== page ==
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Tips To Help You “Go Green”

(NAPSI)—A growing number of consumers are learning that “going green”-taking steps to conserve energy and resources—can be very rewarding. Not only are they saving money, but they are also helping to cut back on waste in their home and in their community.

They’re also finding that getting started is easier than they expected. To help you “go green,” here are some tips:

• The next time you boil water, use any that’s left over to water your plants—just make sure to let the water cool down first.

• In lieu of sending old rugs to the landfill, check with local animal shelters to see if they can use them. Old towels, blankets and sheets are also welcome as they make great items for pet bedding.

• Instead of keeping leftover wall paint in old, rusty cans, use a funnel to transfer paint into a clean plastic bottle.

• Help your food dollar to go further by dropping fruits and veggies into lightly salted water to prevent them from turning brown.

• Using high-efficiency appliances in your home, such as the Energy Star Qualified Front Load Washer and the Electric Dryer with Efficiency Monitor from Amana, can help you save some green while going green.

This high-efficiency Amana laundry pair has simple and eco-efficient features, helping you save $3,300 in lifetime water and energy costs. This comes from comparing the average use of pre-2004 traditional top-load pairs with 11-year washer life and 12-year dryer life. The combined savings apply only to the electricity costs.

• According to Real Simple, about 90 percent of the energy used for washing clothes is used to heat the water. Unless you’re washing clothes that have oily stains, the warm or cold setting on your machine will generally do a good job of cleaning your clothes. says you can save up to 25 cents for every laundry load you wash in cold water compared to using hot water.

• According to, by using two six-month, 200-gallon water filters a year, a refrigerator system can filter the equivalent of 3,000 bottles of water, saving over $600 a year, based on buying the water in 24-pack units of 16-oz. bottles.

• An act as simple as putting green plants in your home/office can really pay dividends. Plants can make a space look cheery and improve air quality.

For additional tips and information, visit the website at

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Easy Ways To Protect Yourself Against Phone Scams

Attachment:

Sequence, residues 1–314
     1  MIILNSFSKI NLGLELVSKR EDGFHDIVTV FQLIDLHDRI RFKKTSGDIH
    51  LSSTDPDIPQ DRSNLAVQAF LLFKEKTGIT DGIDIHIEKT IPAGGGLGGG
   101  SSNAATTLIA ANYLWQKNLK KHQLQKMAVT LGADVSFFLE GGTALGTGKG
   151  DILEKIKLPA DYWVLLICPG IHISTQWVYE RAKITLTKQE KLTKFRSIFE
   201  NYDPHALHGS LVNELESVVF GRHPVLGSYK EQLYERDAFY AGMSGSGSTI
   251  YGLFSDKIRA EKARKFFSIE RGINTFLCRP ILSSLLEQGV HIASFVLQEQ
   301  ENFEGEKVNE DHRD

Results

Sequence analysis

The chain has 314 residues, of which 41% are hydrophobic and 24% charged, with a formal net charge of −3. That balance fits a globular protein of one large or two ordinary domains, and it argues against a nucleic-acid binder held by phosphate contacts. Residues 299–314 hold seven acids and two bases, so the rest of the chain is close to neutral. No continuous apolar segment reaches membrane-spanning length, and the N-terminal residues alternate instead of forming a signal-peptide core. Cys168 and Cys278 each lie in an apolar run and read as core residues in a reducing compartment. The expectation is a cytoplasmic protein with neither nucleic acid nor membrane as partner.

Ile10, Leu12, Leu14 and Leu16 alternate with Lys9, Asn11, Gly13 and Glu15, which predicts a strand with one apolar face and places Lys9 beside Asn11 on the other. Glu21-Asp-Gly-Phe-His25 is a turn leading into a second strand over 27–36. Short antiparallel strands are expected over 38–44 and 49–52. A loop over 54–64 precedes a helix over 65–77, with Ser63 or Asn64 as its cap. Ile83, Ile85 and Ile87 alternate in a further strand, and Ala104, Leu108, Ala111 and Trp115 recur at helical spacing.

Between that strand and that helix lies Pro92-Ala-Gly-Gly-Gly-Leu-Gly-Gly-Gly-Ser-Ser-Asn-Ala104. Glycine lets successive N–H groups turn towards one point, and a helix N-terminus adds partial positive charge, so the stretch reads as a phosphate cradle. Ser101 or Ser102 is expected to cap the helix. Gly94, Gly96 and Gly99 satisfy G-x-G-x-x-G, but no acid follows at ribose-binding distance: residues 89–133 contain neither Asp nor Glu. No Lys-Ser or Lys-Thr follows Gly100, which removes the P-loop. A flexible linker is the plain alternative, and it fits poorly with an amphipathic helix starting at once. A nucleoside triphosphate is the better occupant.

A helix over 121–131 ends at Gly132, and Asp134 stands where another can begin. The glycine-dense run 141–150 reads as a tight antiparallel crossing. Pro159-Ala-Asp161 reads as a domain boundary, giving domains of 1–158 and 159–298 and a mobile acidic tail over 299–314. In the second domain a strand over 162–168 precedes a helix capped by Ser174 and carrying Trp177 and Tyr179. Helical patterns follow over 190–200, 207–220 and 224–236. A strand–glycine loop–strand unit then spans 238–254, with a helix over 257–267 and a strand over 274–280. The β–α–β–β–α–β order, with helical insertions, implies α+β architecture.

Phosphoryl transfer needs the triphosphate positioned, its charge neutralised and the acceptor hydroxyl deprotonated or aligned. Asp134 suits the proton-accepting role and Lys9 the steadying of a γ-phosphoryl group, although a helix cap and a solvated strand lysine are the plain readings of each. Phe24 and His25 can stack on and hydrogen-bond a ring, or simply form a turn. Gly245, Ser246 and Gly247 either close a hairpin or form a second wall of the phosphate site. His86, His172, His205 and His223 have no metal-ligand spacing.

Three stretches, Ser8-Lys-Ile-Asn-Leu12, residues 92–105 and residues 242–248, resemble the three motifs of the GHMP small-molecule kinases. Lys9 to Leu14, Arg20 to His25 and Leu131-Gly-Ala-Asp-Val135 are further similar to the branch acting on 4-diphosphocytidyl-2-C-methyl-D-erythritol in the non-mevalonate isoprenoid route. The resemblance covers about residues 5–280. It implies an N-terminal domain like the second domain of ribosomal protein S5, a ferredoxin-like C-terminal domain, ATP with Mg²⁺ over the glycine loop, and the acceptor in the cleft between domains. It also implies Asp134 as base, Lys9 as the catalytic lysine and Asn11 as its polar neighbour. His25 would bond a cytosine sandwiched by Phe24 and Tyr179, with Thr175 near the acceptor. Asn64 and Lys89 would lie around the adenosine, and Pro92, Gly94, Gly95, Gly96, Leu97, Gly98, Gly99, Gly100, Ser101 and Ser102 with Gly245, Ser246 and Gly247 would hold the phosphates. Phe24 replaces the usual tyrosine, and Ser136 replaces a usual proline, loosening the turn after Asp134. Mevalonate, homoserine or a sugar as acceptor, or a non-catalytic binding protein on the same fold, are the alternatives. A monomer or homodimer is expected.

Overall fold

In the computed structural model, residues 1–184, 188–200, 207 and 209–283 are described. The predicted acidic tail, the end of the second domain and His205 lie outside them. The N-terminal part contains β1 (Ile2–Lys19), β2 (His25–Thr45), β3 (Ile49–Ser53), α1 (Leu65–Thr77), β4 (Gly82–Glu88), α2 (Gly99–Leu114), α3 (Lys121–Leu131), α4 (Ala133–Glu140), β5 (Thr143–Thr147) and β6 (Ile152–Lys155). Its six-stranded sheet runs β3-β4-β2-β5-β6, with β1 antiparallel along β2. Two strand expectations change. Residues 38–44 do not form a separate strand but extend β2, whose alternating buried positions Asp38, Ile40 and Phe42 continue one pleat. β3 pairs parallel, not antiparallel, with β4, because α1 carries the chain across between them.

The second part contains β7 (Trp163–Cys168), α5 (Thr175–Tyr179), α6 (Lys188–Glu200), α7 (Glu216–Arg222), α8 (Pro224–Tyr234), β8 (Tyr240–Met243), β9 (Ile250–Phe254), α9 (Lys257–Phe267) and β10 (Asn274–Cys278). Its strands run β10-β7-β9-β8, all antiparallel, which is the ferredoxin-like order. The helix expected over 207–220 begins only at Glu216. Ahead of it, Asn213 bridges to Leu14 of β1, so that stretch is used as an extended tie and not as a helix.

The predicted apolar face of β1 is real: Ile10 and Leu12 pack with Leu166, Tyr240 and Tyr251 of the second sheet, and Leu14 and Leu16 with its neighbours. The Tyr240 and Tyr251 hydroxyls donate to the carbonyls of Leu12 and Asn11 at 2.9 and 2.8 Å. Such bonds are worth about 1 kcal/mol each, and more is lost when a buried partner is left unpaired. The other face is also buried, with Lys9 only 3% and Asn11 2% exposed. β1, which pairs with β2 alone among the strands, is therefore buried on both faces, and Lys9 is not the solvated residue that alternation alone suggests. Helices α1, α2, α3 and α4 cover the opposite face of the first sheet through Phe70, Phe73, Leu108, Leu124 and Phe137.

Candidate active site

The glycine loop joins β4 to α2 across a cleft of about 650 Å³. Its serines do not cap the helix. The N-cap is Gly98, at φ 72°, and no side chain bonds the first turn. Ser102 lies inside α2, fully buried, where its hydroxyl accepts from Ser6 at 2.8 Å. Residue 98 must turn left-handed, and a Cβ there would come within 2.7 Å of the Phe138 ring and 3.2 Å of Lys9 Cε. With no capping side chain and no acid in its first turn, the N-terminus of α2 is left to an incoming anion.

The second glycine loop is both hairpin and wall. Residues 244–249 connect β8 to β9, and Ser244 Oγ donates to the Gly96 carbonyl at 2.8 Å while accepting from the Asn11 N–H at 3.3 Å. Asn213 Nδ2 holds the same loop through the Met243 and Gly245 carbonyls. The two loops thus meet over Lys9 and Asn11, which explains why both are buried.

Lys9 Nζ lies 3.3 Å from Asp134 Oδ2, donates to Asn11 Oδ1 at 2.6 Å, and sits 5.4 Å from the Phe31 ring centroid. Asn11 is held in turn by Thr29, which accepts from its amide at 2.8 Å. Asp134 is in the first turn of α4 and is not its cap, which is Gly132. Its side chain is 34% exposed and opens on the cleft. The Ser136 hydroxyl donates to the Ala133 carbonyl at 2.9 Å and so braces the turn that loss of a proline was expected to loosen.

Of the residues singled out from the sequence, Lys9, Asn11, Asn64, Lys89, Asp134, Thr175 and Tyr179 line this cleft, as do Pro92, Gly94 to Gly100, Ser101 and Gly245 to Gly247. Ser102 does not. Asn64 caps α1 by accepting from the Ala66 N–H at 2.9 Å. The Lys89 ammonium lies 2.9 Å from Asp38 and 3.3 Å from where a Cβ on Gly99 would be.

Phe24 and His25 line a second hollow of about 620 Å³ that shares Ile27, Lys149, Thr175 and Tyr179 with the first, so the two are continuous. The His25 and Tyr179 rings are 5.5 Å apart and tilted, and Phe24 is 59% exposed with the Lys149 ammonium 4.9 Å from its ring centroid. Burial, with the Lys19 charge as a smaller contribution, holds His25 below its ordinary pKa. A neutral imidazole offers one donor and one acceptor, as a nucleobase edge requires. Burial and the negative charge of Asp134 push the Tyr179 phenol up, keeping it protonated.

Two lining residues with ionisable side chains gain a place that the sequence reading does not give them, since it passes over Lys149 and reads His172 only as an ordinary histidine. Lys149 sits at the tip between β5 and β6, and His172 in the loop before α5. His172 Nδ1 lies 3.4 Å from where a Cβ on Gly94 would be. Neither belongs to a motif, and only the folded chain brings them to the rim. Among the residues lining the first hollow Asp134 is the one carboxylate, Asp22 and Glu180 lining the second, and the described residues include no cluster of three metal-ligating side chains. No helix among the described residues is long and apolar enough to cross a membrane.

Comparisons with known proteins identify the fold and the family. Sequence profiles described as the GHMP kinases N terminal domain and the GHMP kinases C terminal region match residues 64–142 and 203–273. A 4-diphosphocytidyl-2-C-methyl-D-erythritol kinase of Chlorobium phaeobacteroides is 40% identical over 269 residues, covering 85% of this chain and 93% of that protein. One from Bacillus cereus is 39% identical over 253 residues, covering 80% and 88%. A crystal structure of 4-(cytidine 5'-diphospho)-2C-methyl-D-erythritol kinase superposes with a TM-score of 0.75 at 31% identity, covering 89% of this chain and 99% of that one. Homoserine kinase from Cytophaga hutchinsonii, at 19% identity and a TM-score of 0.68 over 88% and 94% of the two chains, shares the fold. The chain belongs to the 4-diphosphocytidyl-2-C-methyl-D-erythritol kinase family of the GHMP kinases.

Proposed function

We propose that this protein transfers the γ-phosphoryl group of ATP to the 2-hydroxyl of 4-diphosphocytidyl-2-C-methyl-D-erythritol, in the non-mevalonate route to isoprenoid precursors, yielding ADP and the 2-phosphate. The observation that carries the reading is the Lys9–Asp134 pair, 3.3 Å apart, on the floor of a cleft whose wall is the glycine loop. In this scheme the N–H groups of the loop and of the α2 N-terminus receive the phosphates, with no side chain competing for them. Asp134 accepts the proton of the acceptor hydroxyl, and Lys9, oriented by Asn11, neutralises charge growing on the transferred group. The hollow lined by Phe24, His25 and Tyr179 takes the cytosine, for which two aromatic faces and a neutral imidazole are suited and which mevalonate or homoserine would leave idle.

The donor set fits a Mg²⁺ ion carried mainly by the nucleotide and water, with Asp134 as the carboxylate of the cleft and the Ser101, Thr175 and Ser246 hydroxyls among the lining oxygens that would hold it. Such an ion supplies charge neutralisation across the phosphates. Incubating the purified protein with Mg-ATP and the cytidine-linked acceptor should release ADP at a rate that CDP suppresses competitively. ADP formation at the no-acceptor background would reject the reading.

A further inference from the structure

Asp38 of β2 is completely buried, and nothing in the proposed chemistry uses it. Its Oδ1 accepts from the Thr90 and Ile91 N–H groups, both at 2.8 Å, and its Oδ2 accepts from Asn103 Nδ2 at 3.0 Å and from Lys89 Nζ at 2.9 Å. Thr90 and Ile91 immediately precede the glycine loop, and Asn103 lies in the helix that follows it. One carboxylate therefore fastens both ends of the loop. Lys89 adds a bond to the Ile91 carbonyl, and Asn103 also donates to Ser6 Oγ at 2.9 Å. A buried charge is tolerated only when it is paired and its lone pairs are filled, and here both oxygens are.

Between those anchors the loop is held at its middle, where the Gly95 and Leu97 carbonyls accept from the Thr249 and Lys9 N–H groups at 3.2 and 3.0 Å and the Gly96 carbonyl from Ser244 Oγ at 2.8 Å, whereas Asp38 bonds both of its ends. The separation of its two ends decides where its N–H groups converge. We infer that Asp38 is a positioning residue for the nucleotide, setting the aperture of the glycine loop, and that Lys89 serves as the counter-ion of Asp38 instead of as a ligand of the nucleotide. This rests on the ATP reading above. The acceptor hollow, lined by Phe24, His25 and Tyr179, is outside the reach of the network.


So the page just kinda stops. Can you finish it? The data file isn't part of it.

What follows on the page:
(NAPSI)—As children, we were taught not to open the door to strangers or let an unidentified caller know our parents weren’t home. Today, as adults, we’ve been warned not to believe an email claiming a loved one is stranded in London without money, and not to sign the back of our credit cards with anything other than “See Photo ID.”

We can take precautions, but it still won’t stop technically savvy criminals from trying to take advantage of consumers. Scams have become so advanced that even the most prepared could easily fall victim, with new methods surfacing too frequently. Two recent phone scams that have hit unsuspecting people with fraudulent charges are the IRS phone scam and the one-ring scam. Here’s how they work:

IRS phone scam

In this particular scam, a criminal will call pretending to be an IRS agent, requesting personal information like date of birth and Social Security and bank routing numbers. Scammers prey on consumers’ fear, so many people wanting to show compliance with a government agency relinquish their information to the fraudster.

One-ring scam

Another recent innovative scam is called one-ring, which involves scammers dialing American mobile phones from robo-calling facilities outside the United States, typically in the Caribbean, from 10-digit numbers that appear to have U.S.-based area codes. Their trick is to hang up after one ring in the hope that the recipient will be curious and call back, thinking that he or she has missed an important call. Since the number is actually international, callers are charged exorbitant connection and long-distance fees, as scammers attempt to keep victims on the line.

So how can you protect yourself?

Hang up immediately. If you get a call from a government agency or other business asking for a payment, hang up. No one from a federal government agency will ask for money over the phone, even the IRS.

Don’t call a suspicious number back

In the case of the one-ring scam, the number appears like it’s from the United States when it’s not and, therefore, is not legitimate. Scammers are able to set up systems to ensure all incoming calls are charged-most of the time consumers are unaware of the charges.

Use mobile apps

There are many apps that can identify callers to help ensure verification. WhitePages Current Caller ID takes call identification a step further, warning you of potential scams and providing alerts for both incoming and outgoing calls to signal users if a number is one of thousands identified as a scam.

Never provide personal information

Avoid giving out credit card information, Social Security number or other personal details to an incoming caller whom you do not know, even if you are familiar with the business they claim to represent. Some scams spoof well-known entities like Microsoft or Verizon tech support.

Do not pay money up front

If you have been contacted that you’ve won a contest or have been accepted for a new insurance policy, do not provide any payment. For any legitimate offer, an upfront payment is not required.